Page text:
I want women wearing Stine Goya to feel comfortable and confident expressing their individuality. It’s inspiring for me to see women wearing the brand in their own way – it’s always a nice surprise to see your collections imagined and styled in a new way. It definitely fuels me to keep evolving and keep growing.
Does seeing the way your designs are worn on social media influence future collections?
Social media gives you an insight into your customer base that can help to develop future collections. Our followers are often quite vocal about their favourite styles, colourways and fits - so we have an idea of the key pieces from each collection that will most popular. We aren’t dictated by our customers of course – we want to keep challenging their ideas season on season, but we of course take their comments on board.
Do you think social media has influenced the way designers create today?
I can only speak for myself, but I see social media more as a source of inspiration than a means of influencing or dictating the creative process.
What’s your starting point when designing a new collection?
The team and I usually take a couple of days out of the office, to delve into research of a particular theme or point of departure. Having this space gives me the clarity to design and explore ideas with more focus.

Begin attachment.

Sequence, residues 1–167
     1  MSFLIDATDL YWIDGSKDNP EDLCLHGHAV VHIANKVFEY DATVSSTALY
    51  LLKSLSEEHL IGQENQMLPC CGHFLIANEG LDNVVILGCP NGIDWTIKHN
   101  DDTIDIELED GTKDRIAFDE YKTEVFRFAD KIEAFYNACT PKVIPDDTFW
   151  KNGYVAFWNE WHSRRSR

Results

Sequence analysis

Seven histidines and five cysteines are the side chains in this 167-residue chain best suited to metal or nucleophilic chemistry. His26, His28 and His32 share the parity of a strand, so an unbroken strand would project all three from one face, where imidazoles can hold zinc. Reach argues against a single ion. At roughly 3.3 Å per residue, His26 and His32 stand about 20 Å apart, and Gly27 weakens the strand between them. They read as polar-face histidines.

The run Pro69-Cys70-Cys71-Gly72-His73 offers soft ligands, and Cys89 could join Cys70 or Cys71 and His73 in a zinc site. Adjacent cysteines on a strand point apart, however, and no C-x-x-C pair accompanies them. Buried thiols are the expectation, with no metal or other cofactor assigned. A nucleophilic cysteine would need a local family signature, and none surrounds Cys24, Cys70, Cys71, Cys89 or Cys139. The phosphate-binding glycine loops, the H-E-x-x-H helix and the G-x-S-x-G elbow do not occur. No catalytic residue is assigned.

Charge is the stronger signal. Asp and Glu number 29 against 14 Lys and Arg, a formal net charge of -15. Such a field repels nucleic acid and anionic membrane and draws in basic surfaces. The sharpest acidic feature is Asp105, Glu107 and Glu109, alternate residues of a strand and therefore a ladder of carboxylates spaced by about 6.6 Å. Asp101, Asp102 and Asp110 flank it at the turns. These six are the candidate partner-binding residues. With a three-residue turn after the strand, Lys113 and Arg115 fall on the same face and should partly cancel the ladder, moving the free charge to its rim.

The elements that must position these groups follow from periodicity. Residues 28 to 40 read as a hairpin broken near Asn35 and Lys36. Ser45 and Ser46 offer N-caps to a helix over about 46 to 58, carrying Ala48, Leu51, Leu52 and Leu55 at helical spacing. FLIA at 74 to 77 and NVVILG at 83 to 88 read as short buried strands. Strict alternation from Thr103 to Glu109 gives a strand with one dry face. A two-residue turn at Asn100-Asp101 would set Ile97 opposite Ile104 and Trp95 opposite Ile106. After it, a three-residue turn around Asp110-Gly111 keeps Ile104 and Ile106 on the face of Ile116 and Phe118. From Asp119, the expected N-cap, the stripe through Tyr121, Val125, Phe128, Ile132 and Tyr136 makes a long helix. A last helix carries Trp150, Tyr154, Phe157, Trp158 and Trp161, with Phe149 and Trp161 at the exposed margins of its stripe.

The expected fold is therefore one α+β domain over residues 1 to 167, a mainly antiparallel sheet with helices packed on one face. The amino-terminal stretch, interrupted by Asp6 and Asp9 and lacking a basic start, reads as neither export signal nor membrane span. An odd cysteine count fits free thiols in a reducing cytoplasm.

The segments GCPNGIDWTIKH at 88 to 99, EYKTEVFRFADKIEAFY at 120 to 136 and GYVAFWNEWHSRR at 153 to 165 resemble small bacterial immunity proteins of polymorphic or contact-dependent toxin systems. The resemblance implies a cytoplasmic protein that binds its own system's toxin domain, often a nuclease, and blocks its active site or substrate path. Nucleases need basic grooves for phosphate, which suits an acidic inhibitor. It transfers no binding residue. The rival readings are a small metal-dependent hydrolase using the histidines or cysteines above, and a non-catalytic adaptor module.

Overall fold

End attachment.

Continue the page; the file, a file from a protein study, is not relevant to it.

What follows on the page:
Stine Goya is a contrast to the Danish “Law of Jante” – which stands for the idea that you shouldn’t stand out from the crowd. I am proud that my collections are bold and empower women to express themselves.
Where do you seek inspiration?
It can be from a book, a movie, a trip – inspiration comes from my everyday experiences. We just wrapped up our SS20 Copenhagen Fashion Week Show and seeing our House of Goya come together has been so fulfilling. Seeing our cast come together to express themselves through the collection immediately inspired me to go back to the drawing board and look at the next collection.
Why did you choose to launch at Liberty?
Liberty is the quintessential London destination. For me it feels like the ultimate shopping destination. The building, the brands – everything feels part of a bigger story. From my days studying at CSM to now, Liberty has been the ultimate goal so I feel so humbled to now see my collections on the shop floor.
Any advice on how to style the latest collection?
Don’t be afraid to mix and match all the prints together. Layer up and have fun with it!